Opera 38 not installing in Windows XP
lando242 last edited by
I think that both business ethics and common sense would suggest that if there are bugs and security flaws in an operating system, it's due to the negligence / mistake of developers so it must be fixed even if they don't plan to add new features to that OS
Nope. Thats like saying if a book you bought has a spelling error then its the authors/publishers responsibility to send you a replacement page every time you find one. Even if the 'spelling error' is the result of the spelling changing after the book was published.
Keeping up XP would have been important because Windows 7 is full of bloated and heavy-weight components that require a lot more resources than XP.
People said the same thing about Windows XP when comparing it to Windows 3.1. Its system requirements were much steeper.
A lot of computers that are in good standing will be trashed because the average user won't risk using an outdated OS thanks to the anti-XP propaganda all around the IT news channels.
If your car can't travel at highway speed you don't bitch and complain until they lower the speed limit so your Model T can travel on them again, you get a faster car. Thats the way life is. You can cry and moan and complain all you want, its not changing. Deal with it.
blackbird71 last edited by
... I think that both business ethics and common sense would suggest that if there are bugs and security flaws in an operating system, it's due to the negligence / mistake of developers so it must be fixed even if they don't plan to add new features to that OS. ...
That's just plain silly. There have been virtually no software products ever written that don't have multiple 'bugs' in them, by some definition of that term... and some of those never get fixed because they're obscure enough to not be a significant or noticeable problem during the supported lifetime of the product - after which, no fixes will be issued, period, since that's exactly what 'no longer supported' means. Similarly, security vulnerabilities are continually being discovered even in old software (and firmware) long since out of support - things like buffer overflows, memory violations, and a host of other kinds of issues whose presence is often obscured until somebody stumbles on them while fuzz-testing or playing black-hat games on systems or hardware that happen to contain them. If that software happens to be out of support by its maker, it will NOT be patched. That is reality.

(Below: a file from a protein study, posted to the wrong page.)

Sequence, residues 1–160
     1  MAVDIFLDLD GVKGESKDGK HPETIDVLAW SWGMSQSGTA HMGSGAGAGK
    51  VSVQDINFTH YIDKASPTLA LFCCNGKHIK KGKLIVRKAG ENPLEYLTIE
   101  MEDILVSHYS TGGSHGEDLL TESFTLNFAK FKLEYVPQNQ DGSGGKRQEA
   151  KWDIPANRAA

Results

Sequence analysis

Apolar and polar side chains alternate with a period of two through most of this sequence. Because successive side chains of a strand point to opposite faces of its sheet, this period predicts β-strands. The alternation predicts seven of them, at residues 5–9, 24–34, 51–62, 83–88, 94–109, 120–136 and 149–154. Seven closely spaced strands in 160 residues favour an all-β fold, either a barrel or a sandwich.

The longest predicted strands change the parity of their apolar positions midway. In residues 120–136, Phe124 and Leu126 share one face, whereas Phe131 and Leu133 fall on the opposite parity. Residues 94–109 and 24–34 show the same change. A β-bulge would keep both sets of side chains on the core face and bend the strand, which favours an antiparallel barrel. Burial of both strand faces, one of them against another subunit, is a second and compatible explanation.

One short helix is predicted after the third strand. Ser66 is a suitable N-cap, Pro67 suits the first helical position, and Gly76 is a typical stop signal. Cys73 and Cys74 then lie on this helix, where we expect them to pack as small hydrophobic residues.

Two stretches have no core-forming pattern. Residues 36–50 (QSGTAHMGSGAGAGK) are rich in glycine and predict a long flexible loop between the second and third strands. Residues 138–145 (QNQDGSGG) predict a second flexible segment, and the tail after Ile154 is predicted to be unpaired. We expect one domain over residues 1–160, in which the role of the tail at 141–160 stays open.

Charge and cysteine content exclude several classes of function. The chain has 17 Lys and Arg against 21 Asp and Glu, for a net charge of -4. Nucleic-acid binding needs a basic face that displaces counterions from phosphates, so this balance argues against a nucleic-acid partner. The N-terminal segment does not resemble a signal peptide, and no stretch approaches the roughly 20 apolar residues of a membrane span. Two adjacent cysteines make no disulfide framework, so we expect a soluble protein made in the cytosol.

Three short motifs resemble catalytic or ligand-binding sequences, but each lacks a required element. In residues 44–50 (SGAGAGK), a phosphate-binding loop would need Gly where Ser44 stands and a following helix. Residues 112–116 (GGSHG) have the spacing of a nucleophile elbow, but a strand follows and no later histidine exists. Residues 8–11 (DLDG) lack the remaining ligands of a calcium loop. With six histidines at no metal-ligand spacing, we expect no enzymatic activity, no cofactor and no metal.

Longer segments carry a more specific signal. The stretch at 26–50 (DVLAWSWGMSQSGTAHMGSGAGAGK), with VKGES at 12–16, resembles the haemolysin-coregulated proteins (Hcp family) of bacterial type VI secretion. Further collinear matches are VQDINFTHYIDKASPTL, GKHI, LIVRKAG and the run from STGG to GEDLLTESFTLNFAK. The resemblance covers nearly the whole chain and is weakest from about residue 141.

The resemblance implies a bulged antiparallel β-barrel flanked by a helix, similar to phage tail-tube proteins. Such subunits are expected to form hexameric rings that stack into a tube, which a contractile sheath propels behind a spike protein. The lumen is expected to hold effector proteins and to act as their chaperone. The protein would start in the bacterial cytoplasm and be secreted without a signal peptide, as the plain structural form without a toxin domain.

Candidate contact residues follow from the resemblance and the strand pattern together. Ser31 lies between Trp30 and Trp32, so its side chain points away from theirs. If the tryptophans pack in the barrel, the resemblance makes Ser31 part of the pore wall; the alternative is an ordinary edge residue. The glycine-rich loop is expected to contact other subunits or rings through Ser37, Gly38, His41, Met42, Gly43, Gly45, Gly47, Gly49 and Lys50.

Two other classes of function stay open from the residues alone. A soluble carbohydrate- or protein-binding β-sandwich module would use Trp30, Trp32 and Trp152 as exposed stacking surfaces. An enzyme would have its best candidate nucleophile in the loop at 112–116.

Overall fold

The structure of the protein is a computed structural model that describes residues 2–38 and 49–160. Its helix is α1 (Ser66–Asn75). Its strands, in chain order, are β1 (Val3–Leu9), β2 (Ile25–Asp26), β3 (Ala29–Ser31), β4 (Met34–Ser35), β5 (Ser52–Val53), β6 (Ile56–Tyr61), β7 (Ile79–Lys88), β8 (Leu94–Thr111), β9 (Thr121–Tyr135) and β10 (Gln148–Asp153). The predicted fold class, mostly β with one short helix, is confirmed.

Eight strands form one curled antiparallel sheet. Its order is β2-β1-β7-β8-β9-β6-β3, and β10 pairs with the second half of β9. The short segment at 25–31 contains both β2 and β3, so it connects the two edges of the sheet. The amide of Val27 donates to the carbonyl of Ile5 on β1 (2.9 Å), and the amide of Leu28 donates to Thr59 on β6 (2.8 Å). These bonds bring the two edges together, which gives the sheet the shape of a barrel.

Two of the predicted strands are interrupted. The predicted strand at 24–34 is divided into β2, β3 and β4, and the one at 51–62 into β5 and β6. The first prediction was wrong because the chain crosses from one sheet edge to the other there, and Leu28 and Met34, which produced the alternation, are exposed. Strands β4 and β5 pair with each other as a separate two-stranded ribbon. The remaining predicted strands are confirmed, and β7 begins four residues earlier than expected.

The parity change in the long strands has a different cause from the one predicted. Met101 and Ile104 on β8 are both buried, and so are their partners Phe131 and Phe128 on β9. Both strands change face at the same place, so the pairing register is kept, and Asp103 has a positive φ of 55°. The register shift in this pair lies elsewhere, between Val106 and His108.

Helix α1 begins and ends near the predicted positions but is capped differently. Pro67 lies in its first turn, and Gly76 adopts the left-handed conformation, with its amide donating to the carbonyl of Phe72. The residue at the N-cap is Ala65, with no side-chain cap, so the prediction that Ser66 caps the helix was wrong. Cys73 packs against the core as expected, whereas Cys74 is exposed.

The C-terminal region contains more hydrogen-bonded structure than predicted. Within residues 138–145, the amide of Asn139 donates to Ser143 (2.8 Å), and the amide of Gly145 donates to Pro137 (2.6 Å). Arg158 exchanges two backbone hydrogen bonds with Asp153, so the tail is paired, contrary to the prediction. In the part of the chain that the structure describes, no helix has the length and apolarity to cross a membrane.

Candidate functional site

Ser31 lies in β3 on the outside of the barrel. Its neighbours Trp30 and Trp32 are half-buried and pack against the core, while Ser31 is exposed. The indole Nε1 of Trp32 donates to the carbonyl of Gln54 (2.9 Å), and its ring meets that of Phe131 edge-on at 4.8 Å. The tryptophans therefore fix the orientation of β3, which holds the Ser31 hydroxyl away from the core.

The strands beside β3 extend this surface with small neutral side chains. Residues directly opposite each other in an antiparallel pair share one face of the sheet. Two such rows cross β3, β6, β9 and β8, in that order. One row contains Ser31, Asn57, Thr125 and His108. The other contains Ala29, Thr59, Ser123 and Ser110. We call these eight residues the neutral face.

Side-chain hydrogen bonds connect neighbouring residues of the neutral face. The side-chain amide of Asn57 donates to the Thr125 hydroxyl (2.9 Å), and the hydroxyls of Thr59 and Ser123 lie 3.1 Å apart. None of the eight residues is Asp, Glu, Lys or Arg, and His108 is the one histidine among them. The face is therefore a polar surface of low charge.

littlepiggies last edited by
As usual, bigger is better but like beauty is in the eye of the beholder, utility is in the works of the user. Generally speaking, the standard is about competition and if it doesn't grow and make more $$ it will die. Obsolescence for the masses is the bread and butter of business and of course making an OS that non techy end users can tailor to their needs isn't competitive. Thank you Bill Gates.
exoloner last edited by
2016 the year of technologic absurdity. Like in the movie Idiocracy.
In my opinion there's some engineers over-acting things, killing flies with bazokas.
I'm still using 2006 machines to do the same things back then.
But suddendly, if you fall into the update-mania sindrome, one could easily end up with a machine that's unable to do the same things 10 years ago.
Youtube is not delivering holographic 4D frames yet, IT'S THE SAME logic.
We're overacting things, bringing complexity to the code just for the sake of it and
making applications really slow, to do the same things with a very little added value within 10 years.